HANOI, Jan 30 (Reuters) - Vietnam’s foreign exchange reserves may have risen to between $24 billion and $26 billion and the economy is showing other signs of improvement, but a still sluggish export outlook may prompt the central bank to allow the dong currency to depreciate, economists said on Wednesday.
Liquidity is good, the exchange rate has been stable in the past year and Vietnam’s balance of international payments has a surplus of $9 billion to $10 billion, said Vu Viet Ngoan, chairman of the National Financial Supervisory Commission.
Foreign reserves have shown “a good increase”, sufficient to cover 12 weeks of imports, Ngoan, who was the chief executive officer of Vietcombank, was quoted by the Vietnam Economic Times newspaper on Wednesday as saying.
Vietnam’s imports in 2012 rose 7.1 percent from the previous year to $114.35 billion, government statistics show.
Based on Ngoan’s comment and government data, Vietnam’s foreign reserves would be around $26 billion at the end of 2012. Its value remains a state secret in the country.
The central bank could keep the exchange rate stable this year but there is a possibility it would allow the dong to weaken to support exports, said economist Nguyen Duc Thanh, head of the Vietnam Centre for Economic Policy Research.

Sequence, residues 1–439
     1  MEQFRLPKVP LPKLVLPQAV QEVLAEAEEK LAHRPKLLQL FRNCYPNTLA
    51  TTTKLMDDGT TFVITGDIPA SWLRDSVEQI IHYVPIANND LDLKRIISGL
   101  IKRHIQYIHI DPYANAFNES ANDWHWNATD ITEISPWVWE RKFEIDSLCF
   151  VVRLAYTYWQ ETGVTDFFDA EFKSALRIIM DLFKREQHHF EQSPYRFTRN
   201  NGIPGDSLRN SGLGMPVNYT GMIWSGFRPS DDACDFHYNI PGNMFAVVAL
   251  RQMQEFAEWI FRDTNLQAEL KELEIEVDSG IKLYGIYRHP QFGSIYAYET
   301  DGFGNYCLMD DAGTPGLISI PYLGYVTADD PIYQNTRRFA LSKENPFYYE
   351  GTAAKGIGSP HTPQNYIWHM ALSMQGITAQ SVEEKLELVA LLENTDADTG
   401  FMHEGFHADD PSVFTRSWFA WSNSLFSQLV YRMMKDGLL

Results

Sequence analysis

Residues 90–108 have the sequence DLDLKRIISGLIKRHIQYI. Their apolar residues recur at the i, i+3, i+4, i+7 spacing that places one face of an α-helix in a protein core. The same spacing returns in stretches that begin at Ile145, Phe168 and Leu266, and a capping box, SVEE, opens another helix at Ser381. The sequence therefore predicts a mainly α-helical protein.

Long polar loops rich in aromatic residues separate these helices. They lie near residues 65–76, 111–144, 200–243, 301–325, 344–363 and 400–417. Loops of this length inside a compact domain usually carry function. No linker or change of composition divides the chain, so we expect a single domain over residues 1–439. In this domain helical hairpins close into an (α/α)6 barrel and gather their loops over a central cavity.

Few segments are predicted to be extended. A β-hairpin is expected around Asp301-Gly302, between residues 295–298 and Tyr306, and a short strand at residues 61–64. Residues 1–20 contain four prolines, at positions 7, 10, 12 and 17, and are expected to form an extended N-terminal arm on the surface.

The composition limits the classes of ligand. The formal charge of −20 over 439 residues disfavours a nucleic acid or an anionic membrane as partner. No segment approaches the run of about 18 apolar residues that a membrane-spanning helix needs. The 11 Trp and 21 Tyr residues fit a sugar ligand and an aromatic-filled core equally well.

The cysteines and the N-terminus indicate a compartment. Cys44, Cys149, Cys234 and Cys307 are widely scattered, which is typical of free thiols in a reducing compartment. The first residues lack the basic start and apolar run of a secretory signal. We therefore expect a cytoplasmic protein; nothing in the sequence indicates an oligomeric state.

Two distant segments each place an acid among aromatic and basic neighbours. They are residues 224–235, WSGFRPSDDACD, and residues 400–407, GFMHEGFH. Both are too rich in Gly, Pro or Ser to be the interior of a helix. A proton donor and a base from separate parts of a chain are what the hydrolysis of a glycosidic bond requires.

Thanh estimated the country’s foreign reserves at $24 billion, but gave no comparisons.
Last September state media reported the reserves at $22 billion to $23 billion, rising from $19 billion in June 2012 based on a central bank estimate.
Vietnam has projected exports would rise 10 percent this year from 2012 to $126.1 billion, while imports would jump 19 percent to $136 billion, the Industry and Trade Ministry has said.
The central bank kept its official dollar/dong exchange rate unchanged in 2012 at 20,820 dong/dollar, while the dong gained 1.06 percent on the interbank market to 20,815 dong on Dec. 30, 2012 from 21,035 dong/dollar a year ago.
In order to help ease pressure on the dong, the central bank said last week it will directly import gold and trade the precious metal with gold companies and banks. (Reporting by Hanoi Newsroom; Editing by Kim Coghill)